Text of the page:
Dwidenoise in MS

Hi all,

I’d like to use the dwidenoise in MS population, and I’m worried about its performance in the presence of WM lesions. It has been used in MS before?

Thanks in advance,


Hi @eli82 ,

I’ve tested and checked the results myself now over a wide range of acquisition scenarios as well as varying WMHs (smaller and larger, both periventricular as well as deeper in the WM), and I’m pretty comfortable with the outcomes so far!
I’ve seen cases where the technique appears to behave slightly more conservative around those regions, compared to NAWM in the same subjects; which is in principle a good thing.
I haven’t come across cases yet where I would suspect the technique to be smoothing out any spatial features… but I do welcome your experiences as well. I suggest also outputting the noise map via the -noise option of dwidenoise; and sharing a screenshot or two if you’re concerned…

Hi Thijs,

Thanks for your quick answer and your help. We’ve uploaded the root data (001_DWI.tiff) and the output of noised map (001_DWI_noise_map.tiff). We’ve also attached the denoised image (001_DWI_denoise.tiff).

The DWI was a High Angular Resolution Diffusion Imaging (HARDI) sequence with TR/TE, 14800/103 ms; 100 contiguous axial slices; 1.5 mm isotropic voxel size; 154 x 154 matrix size; b value, 1000 s/mm2; 60 diffusion encoding directions and a single baseline image acquired at 0 s/mm2.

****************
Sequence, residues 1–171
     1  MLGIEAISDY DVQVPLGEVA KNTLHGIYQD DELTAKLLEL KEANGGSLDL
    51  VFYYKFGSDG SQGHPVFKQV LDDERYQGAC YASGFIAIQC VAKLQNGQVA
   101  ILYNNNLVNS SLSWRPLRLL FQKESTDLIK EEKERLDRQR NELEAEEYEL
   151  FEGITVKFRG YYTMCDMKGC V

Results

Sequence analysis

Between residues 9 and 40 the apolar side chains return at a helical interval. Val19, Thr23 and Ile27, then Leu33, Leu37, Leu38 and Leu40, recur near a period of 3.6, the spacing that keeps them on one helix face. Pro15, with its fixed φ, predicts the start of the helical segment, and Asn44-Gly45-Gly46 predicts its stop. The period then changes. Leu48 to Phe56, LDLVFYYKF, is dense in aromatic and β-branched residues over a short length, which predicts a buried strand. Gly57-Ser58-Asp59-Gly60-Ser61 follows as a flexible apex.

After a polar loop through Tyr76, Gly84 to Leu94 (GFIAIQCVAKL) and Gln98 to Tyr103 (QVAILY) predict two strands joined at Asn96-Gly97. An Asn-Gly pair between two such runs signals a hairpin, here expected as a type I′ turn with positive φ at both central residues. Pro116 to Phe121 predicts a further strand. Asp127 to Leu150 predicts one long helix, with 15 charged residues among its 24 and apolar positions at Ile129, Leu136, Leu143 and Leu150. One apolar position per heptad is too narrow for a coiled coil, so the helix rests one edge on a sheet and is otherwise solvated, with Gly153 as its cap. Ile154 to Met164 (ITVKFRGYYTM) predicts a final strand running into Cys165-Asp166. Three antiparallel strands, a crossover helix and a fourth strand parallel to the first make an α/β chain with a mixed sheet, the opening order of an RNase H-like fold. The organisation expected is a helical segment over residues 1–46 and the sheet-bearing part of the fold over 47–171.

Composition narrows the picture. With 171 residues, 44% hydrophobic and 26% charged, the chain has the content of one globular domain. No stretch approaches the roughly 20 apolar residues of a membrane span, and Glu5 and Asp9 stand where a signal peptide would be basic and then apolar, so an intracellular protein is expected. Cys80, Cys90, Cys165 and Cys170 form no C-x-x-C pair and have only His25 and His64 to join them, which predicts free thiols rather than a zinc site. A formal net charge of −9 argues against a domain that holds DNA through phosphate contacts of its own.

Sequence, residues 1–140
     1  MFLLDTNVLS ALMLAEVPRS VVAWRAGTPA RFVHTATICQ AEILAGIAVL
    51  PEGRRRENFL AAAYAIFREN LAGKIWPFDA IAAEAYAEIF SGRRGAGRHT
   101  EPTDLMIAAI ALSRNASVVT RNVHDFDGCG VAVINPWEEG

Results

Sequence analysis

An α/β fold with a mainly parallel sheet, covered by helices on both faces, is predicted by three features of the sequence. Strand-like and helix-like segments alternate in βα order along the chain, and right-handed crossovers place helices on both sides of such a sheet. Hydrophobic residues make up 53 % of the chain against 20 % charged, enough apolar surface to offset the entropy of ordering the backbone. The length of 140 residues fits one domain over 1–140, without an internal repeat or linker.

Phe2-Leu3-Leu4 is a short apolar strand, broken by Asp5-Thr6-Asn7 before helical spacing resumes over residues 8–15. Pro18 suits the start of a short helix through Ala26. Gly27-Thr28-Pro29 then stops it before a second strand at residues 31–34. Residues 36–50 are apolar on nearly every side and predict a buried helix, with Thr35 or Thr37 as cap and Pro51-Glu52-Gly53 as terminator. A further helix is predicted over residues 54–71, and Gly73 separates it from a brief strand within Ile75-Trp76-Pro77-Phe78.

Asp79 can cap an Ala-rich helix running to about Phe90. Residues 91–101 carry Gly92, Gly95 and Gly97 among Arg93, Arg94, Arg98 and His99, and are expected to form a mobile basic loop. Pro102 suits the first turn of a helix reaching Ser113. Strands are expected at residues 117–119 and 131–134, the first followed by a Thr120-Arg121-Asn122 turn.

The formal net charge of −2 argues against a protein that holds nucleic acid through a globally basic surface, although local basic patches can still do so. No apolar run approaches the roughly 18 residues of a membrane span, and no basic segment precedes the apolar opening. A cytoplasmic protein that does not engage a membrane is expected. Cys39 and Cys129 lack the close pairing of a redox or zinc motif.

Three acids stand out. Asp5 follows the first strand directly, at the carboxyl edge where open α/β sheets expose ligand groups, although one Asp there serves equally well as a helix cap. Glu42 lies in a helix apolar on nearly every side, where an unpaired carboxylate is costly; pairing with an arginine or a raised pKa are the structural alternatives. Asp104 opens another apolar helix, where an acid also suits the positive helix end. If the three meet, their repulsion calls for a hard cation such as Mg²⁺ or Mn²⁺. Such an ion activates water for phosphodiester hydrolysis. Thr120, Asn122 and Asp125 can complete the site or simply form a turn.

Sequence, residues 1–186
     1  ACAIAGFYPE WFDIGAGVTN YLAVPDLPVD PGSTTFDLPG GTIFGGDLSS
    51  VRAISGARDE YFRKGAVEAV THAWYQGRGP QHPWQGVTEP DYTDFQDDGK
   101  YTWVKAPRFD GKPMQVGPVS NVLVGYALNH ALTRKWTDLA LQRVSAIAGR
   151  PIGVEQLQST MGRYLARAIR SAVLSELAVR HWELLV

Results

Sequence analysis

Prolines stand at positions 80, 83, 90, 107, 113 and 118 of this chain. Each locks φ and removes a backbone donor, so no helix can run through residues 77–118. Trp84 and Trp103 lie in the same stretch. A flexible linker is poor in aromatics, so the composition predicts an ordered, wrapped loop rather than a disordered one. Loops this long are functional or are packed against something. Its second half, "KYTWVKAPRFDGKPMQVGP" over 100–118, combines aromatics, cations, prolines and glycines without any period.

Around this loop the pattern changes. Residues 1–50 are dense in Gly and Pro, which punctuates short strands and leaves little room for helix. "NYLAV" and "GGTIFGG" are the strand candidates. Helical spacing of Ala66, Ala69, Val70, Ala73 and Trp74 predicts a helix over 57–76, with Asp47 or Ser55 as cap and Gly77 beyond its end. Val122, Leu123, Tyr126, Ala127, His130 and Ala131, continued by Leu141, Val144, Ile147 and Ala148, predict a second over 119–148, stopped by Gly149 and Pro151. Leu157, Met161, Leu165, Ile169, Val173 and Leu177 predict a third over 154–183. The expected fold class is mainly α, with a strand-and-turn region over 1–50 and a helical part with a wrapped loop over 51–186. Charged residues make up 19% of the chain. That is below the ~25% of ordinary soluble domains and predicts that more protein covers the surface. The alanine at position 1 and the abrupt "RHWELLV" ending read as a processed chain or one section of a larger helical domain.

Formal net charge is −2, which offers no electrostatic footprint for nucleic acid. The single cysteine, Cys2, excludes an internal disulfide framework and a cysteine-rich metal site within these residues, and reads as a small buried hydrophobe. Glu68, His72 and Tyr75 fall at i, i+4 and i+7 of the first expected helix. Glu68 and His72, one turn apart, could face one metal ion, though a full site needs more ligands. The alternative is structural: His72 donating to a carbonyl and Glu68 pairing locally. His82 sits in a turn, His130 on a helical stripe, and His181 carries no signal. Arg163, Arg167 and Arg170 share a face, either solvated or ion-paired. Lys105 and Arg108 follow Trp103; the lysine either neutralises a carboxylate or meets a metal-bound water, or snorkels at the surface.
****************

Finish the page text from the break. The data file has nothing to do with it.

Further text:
If you have any question, do not hesitate to contact us.

Best regards,


Hi Eli,

Those images definitely look fine; they’re also not too special or challenging in nature (I can’t spot any obvious major WMHs or other lesions; but then again, I’m not a trained MD :wink:). The noise map also looks like what I’ve come to expect, no worries there as well. The bigger challenge (for further CSD processing) will probably be the low b-value, although the denoising may actually help a great deal on that front! It definitely looks like the denoising did its job well.